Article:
Three Tidbits I Gained from Speaking with an Informational Interviewer

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This past summer I had the amazing opportunity to spend several months in Washington D.C.  working as a communications intern for the United Nations Foundation. I had a fantastic experience working in for a global NGO and experiencing the great sights and sounds of our nation’s capital. This experience was also an important stepping stone towards my goal of working for a public relations agency following graduation. As part of my efforts to reach this goal, I made plans to learn as much as I could about the public relations agencies located in the D.C. area. Next, I set up several informational interviews with various professionals and our visits ranged from quick stop-by office tours, to food truck lunch picnics and many, many cups of hot chocolate (my substitute for coffee). I found each conversation to be enlightening and enjoyable but one conversation in particular with a recruiter at a top agency really stood out to me in comparison to the others I had during the course of the summer. Here are a few of the insights I gained from this particular recruiter:

“Connect with recruiters first, employees second.”

Many times students will connect with an employee, expecting that the professional will hand them a job or an internship right on the spot. While this certainly is possible, it is far more likely that you’ll have to go through a process of waiting, applying, interviewing and negotiating before you actually land a position. Instead of just reaching out to a specific employee, the best approach is to begin with human resources. When you send an employee your resume, the eventual next step is to pass it along to the HR representative who will oversee the hiring process. Sometimes well-intending professionals may forget to pass along your resume, undoing all your hard work and leaving you clueless as to why the opportunity didn’t pan out. By sending your resume to both a recruiter and an employer, you give yourself the best shot at being considered as a candidate for a job or internship. Besides, establishing a relationship and a connection with a recruiter will keep you top of mind for the future jobs as well.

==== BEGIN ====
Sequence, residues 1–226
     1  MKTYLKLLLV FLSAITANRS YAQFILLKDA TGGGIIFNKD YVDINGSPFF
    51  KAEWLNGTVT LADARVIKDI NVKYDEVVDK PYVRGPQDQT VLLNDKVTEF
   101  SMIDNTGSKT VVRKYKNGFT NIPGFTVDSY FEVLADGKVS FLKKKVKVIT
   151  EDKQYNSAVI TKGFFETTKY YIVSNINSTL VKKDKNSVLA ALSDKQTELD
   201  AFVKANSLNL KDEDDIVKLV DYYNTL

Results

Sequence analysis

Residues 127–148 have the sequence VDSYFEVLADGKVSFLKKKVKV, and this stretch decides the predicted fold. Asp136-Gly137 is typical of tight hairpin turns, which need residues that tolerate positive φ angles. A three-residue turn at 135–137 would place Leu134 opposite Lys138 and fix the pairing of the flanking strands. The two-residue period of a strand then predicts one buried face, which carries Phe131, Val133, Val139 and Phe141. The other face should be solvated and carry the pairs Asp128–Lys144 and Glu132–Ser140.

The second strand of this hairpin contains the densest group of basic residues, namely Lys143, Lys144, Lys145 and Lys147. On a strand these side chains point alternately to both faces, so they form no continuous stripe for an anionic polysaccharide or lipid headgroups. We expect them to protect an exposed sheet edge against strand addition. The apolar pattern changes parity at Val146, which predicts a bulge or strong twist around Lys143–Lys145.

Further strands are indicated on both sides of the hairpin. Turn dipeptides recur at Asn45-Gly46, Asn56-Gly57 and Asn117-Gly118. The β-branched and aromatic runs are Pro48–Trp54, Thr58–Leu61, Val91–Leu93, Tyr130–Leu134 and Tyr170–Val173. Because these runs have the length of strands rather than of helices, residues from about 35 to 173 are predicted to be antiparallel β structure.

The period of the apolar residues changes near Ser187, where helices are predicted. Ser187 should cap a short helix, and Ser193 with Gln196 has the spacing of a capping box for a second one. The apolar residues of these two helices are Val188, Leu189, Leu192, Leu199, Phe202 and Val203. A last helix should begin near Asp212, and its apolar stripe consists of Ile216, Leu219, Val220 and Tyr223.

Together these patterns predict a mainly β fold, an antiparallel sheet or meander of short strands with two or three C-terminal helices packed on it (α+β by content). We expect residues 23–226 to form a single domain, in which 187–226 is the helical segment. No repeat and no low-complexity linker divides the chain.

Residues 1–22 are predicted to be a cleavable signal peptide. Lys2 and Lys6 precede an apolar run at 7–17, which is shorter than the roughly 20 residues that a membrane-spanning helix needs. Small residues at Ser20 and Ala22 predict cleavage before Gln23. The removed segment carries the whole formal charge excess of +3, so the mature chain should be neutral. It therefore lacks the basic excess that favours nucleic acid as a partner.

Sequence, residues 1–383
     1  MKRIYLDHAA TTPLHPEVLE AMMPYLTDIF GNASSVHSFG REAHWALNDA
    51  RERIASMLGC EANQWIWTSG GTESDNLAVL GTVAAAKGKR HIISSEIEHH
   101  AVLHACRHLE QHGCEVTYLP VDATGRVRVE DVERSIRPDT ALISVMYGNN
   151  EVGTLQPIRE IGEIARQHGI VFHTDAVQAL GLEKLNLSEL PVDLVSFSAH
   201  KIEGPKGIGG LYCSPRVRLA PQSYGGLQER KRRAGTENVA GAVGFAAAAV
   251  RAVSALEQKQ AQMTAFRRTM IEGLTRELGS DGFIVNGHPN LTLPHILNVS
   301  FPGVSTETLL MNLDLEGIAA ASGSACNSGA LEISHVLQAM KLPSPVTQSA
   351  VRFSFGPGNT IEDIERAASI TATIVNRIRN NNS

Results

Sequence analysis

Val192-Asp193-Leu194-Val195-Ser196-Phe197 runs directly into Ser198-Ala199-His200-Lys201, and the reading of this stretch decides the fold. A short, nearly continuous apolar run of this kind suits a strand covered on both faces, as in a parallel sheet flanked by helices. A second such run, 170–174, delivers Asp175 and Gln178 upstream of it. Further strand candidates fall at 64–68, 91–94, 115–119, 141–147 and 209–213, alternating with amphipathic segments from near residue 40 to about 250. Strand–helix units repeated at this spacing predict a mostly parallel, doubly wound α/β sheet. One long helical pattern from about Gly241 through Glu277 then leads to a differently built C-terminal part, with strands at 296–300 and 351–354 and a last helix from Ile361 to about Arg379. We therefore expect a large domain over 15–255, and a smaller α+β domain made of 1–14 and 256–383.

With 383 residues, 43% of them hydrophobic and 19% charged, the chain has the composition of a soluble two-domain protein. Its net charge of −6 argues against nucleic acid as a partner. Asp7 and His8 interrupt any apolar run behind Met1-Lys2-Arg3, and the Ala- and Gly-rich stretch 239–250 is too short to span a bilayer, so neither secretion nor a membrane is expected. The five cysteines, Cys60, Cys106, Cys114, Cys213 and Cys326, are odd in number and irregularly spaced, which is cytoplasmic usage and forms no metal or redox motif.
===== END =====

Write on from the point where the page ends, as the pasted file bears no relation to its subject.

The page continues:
“The first thing I look for on a resume is experience in PRSSA.”

There you have it folks. These were the exact words from the recruiter about what stands out to them on a resume. Your involvement in PRSSA does set you apart as you graduate and the experiences you gain make you far more attractive as a candidate for any internship or entry level position. I hope that you each understand that your involvement in PRSSA is crucial for launching a successful career and that a strong pre-professional Society is vital for the development of our industry. As mentioned in the 2016 Holmes Report, talent is the biggest challenge for this industry — and PRSSA is an ideal environment to discover and develop the talents necessary to succeed as a public relations professional. No other organization can enhance your education, broaden your network or help you launch your career in the ways that PRSSA can.

Agencies often use our website to locate Chapter presidents and faculty adviser information as they plan out recruiting trips.

For those of you who have participated in our Phone Email Outreach Tree initiative, pat yourself on the back if you have stayed in communication with PRSSA National and updated your Chapter information. I shook my head when I heard that this particular recruiter had struggled to establish contact with a few schools when attempting to schedule campus visits to recruit for the agency’s internship program. What a missed opportunity! By simply keeping your Chapter’s information up to date and accessible you do your part to ensure that recruiters and professionals are able to find you when they are looking for potential employees.

My experiences over the summer helped me to understand and value informational interviews. It also reaffirmed to me how many professionals out in the “real world” understand the value of PRSSA and look to hire our students. As students, we must always be willing to ask questions and dive deeper into the nuts and bolts of this industry and should actively seek to create opportunities to listen and learn. I hope that each of you make time to do informational interviews and to learn from the professionals, hiring managers and recruiters about what it takes to succeed as a public relations professional.

Andrew Cook, 2017–2018 PRSSA National president, is a native of Columbus, Ohio and a senior at Brigham Young University (BYU) studying public relations with a minor in global business. Andrew is passionate about approaching social issues with the perspective to “do good better” and spent his summer in Washington, D.C. at the United Nations Foundation working on the Nothing But Nets campaign to end malaria. Andrew enjoys eating chocolate chip cookies with friends, sharing crazy #Cookfamily moments on social media and setting aside #QuietTime each day to stay energized.

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